To dig deeper into the different types of demand forecasts that exist, check out our article on five methods to assure better accuracy in your demand forecasting.
Predicting the Future: Things to Keep in Mind
According to Paul Myerson of Industry Week,
“The supply chain is a great place to use analytic tools to look for a competitive advantage, because of its complexity and also because of the prominent role supply chain plays in a company’s cost structure and profitability. Supply chains can appear simple compared to other parts of a business, even though they are not. If we keep an open mind, we can always do better by digging deeper into data as well as by thinking about a predictive instead of reactive view of the data.”
As Myerson says, supply chains are complex, and thinking proactively is a practice in constant improvement. Supply chain analytics is not a “one and done” procedure that an organization can implement one day and reap the benefits of indefinitely. Instead, it is a continually evolving process. When utilizing any supply chain analytics platform, here are some things to keep in mind.
- Bad Data = Bad Forecasts
While some platforms are better at handling bad data and missing information, these things generally hurt the overall accuracy of the forecasts that these processes make. Low accuracy forecasts can breed doubt in the mind of the decision maker relying on those predictions. Good datasets need to be as complete as possible and validated to make sure they are accurate. Duplicate data is another common thorn that can get in the way of good analysis. When an organization is aggregating data across all its supply sources, there can be plenty of redundancy. Shipping and sales data can often be reported multiple times from multiple sources, so validation is critical.
- Keep It Real (Time)
Along with data validation, making sure your data is timely will also help keep forecasts relevant and useful. Continually updating datasets with information as it becomes available as opposed to relying solely on static, historical data makes for more actionable and intelligent results.
- There is No Perfect Algorithm
It may be tempting to look for one methodology that suits your business needs and then stick with it no matter what. However, doing so may leave your company missing out on many of the benefits that supply chain analytics brings.
For example, a start-up with no historical data might use qualitative methods at the outset of their operations but, as their sales grow and their supply chain evolves, they shouldn’t continue relying on the same methodology and making forecasts based on their (now outdated) market research. They now have concrete numbers to back their decision-making and can evolve their analysis to incorporate the new data.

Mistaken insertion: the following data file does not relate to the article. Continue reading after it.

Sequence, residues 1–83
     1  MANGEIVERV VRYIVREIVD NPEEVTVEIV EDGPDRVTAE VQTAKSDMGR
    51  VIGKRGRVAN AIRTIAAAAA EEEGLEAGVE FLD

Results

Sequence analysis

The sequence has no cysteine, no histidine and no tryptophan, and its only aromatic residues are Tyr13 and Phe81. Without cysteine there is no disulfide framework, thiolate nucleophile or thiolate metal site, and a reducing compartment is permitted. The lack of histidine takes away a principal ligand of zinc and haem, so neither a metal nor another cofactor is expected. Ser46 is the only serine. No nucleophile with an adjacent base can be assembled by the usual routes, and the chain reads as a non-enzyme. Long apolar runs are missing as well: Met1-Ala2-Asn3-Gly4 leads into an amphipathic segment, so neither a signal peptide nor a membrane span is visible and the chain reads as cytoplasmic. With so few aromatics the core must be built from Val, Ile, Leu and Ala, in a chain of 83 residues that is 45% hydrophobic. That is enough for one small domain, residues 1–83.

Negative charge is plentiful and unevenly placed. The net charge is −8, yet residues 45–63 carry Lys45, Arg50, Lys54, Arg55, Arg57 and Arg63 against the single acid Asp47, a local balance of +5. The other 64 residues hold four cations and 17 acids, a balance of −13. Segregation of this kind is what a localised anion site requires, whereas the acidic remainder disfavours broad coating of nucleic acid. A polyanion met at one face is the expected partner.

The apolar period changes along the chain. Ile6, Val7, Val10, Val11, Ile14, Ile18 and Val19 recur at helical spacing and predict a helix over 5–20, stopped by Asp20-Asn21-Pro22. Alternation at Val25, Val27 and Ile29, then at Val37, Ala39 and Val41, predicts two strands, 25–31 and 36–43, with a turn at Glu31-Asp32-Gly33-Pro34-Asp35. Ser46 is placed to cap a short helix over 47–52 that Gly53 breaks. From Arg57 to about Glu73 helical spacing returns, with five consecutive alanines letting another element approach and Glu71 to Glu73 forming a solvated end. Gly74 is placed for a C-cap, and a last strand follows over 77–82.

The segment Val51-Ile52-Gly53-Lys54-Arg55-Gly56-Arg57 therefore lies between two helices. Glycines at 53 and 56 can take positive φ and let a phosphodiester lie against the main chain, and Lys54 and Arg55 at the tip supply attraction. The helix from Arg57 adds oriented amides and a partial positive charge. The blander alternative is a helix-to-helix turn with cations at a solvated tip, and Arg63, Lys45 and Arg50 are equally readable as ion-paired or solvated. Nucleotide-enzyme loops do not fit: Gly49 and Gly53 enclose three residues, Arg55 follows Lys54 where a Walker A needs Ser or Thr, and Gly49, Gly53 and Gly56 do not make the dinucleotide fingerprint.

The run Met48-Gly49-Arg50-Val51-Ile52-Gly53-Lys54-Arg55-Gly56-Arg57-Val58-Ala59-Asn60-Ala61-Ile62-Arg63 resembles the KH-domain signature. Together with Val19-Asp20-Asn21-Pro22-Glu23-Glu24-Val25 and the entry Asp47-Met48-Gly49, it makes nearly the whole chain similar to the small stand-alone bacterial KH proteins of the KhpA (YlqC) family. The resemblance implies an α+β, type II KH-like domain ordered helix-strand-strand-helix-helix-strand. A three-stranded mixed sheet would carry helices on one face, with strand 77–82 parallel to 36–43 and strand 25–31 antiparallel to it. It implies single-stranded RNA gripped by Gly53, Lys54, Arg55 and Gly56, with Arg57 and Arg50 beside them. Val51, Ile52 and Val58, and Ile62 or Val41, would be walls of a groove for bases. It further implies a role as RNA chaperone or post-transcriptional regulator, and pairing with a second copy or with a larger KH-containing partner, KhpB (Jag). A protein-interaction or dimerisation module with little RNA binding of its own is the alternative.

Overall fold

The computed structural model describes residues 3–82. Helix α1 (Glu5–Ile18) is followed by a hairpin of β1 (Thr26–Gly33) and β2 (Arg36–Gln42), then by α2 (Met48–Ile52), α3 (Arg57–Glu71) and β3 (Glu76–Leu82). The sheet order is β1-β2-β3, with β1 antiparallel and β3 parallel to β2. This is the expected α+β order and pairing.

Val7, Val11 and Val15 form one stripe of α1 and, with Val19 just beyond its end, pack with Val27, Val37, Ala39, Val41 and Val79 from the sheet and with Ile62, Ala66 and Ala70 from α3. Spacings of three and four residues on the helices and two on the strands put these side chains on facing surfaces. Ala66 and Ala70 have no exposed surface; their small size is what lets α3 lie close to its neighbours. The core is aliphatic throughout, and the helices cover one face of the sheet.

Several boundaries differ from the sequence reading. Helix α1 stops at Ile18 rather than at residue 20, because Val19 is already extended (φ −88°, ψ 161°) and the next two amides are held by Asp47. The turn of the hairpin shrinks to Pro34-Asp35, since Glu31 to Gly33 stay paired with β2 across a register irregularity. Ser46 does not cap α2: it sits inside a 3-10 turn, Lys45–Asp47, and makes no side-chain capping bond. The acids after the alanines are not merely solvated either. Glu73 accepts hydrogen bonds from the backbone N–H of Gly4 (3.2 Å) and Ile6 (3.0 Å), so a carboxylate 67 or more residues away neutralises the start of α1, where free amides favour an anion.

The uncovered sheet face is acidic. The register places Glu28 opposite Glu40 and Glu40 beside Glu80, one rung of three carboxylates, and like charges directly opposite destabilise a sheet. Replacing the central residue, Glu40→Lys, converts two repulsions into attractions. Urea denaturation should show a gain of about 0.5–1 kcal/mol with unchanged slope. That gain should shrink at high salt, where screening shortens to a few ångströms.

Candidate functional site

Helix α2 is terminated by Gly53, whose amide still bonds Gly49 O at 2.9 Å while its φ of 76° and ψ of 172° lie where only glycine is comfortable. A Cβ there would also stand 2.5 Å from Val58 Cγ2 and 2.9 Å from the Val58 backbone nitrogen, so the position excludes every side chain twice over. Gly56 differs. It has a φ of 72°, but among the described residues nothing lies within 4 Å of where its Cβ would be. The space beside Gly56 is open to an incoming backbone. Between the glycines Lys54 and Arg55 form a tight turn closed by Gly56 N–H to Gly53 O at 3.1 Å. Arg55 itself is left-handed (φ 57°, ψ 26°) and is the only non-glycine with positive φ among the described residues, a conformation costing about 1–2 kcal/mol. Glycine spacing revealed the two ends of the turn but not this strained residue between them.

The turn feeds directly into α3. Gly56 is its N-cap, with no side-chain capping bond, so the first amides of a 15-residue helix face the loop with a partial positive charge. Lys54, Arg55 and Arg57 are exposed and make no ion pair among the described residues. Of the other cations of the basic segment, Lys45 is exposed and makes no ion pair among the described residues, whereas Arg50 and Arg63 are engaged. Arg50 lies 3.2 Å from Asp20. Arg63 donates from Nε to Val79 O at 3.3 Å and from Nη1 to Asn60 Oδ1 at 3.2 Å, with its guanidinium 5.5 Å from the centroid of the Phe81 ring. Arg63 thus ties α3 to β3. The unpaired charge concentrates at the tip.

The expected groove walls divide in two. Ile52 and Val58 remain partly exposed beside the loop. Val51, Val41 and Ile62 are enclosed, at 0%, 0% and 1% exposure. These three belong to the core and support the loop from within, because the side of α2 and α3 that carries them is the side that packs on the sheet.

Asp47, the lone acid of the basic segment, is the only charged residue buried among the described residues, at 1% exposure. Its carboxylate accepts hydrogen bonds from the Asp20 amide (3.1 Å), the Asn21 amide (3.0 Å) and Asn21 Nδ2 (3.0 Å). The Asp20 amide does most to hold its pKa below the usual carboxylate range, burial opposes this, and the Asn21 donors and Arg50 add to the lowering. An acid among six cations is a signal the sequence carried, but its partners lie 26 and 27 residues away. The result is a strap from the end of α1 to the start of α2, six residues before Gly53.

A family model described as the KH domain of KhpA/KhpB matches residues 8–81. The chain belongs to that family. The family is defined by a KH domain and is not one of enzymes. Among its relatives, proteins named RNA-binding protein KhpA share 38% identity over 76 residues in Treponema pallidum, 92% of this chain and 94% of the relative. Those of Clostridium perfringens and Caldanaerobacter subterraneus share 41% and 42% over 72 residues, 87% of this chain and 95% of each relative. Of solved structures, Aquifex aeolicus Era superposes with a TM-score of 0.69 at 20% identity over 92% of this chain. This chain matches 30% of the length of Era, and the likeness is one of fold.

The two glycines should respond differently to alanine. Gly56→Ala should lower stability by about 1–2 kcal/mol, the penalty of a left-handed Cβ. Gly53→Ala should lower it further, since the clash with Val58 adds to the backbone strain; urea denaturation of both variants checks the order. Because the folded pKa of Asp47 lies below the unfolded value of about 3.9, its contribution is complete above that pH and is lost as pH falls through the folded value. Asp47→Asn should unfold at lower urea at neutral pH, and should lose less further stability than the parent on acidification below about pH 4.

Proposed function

Tweaking and fine-tuning an algorithm over time—or even changing algorithms entirely—to account for new data is a foundational aspect of a successful supply chain analysis program.
- Question Your Assumptions
While certain forecasting models are designed to take into account subjective information, the overall purpose of supply chain analytics is to highlight information that leaders and decision makers might not be aware of. This means that, many times, the forecasts will reveal something that runs contrary to what these leaders believe about their company. An organization willing to improve their operations through supply chain analytics must also be willing to be confronted with results and recommendations that run counter to their personal thoughts and opinions.
- Embrace Automation
Forecasting models have been around for decades, however, it is only recently that businesses have fully realized the benefits of supply chain analytics. Now, the future of business analysis lies in automation and Artificial Intelligence (AI), and Machine Learning (ML). These new methods for analyzing data are now becoming more widely available to every organization regardless of size. From informing good farming practices to predicting digital ad placement, AI and ML forecasting are making waves across every industry—they’re bound to be the next revolution in supply chain optimization as well.
If you want to learn more about supply chain analytics or how Crisp’s forecasts can benefit your organization, let’s talk. Reach out to us today, and we’ll help you create accurate & efficient forecasts for your organization.